Once upon a time, U.S. drug companies were so desperate to create fake cannabinoids to continue the war on cannabis that they did actually make synthetic marijuana. Marinol was developed more than 30 years ago! This is different from K2 or spice, which is more of an alchemical stew designed to get you high. Big pharma decided to make fake weed back when it was found that cancer patients could benefit from cannabis. Instead of legalizing weed, the lobbyists managed to convince politicians to keep pot illegal but allow the companies to manufacture a “safe but legal” version of synthetic pot that wouldn’t get people high, but would help with pain and increase appetite. But, because even research into cannabis was prohibited, these drugs typically weren’t nearly as effective as they promised to be. Now that cannabis is being studied in earnest around the world, Big Pharma wants back into the party — and the race for synthesized cannabinoids has only just begun.  

Of course, there’s nothing wrong with making synthetics of compounds found in nature, as we see with artificial sweeteners and all sorts of medications. Problems arise, however, when humans apply their limited understanding of nature to complicated problems. Pain management is the most notorious, as opioids were marketed as “less habit forming” but proved to be quite habit forming indeed. Artificial sweeteners are often criticized for their adverse health effects as well. So there’s some skepticism about synthetics, and that’s normal. 

Still, there are companies in Canada and the U.S. looking into synthetic cannabinoids, and they’re isolating very specific ones. Biomedican in the U.S. is one of those, and Willow Biosciences in Canada is another. Less common cannabinoids like CBG or various forms of THC, like THC-A, are more difficult to extract in volume than the more abundant THC and CBD. According to Bloomberg, it’s cheaper to synthesize some of these cannabinoids than extract them, and since they have highly specific medicinal properties, it’s possible that the therapeutic use would be worth the trouble of making them rather than harvesting them. By all indications, the market for all types of cannabinoids just keeps going up as more healthcare providers are turned on to the power of cannabis.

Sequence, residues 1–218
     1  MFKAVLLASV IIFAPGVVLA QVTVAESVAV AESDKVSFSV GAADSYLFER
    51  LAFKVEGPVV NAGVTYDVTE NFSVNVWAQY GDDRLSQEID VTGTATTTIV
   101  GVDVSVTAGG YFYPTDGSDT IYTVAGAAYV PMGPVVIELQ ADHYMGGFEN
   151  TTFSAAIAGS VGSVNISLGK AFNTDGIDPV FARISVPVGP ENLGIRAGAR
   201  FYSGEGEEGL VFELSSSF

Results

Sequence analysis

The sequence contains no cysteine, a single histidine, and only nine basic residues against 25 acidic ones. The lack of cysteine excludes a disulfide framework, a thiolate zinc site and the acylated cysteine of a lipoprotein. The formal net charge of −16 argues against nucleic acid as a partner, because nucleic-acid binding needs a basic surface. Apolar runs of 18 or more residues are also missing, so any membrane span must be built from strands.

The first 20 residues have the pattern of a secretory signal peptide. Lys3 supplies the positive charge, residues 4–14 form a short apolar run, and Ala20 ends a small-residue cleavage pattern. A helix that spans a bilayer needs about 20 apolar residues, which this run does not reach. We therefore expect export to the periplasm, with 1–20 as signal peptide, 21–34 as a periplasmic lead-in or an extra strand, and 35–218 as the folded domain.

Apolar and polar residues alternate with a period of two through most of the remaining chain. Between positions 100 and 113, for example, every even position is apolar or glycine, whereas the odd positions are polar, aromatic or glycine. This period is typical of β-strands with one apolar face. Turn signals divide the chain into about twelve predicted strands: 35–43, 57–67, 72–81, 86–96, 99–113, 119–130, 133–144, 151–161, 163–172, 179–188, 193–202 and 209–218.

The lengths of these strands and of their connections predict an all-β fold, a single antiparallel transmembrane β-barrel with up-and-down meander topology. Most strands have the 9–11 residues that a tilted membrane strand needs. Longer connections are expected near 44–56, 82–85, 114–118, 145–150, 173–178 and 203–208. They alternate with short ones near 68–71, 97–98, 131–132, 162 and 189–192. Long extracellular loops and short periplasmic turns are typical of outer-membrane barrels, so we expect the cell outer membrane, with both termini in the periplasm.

The process for making synthetic cannabinoids is quite similar to making fake meat, and uses yeast as a base for production. Yeast multiplies like Star Trek’s Tribbles in the right conditions, and can be used to produce mass quantities of all sorts of compounds. It’s also used to create heme, which is used in things like the Impossible Whopper — a big hit for Burger King and vegans, apparently. If all of this also sounds like an episode of Star Trek, you’re not far off. Just a few years ago all of these products were theoretical, and the methods to bring them to market were cost-prohibitive. Between climate change and now a pandemic, companies have accelerated food and pharma tech to implement faster iterative cycles and spool up production like never before. 

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Sales of cannabis products — not just weed for getting high — are up across the board, and many say it’s the pandemic to blame. The CEO of Green Roads told Bloomberg that millennials are stressed, and are avoiding traditional Western medications like pills for more natural remedies like cannabinoid-based tinctures. Sales of those rose 11% in Q3 of this year, according to Headset. That group has written about how the millennial cohort prefers cannabis to other types of medicine already. There’s little question as to why synthetic cannabinoids are being developed, really. As with many natural products, a synthetic version is often being developed. In this case, it could be profitable and allow more consumers to enjoy the medical benefits of the rarer cannabinoids.

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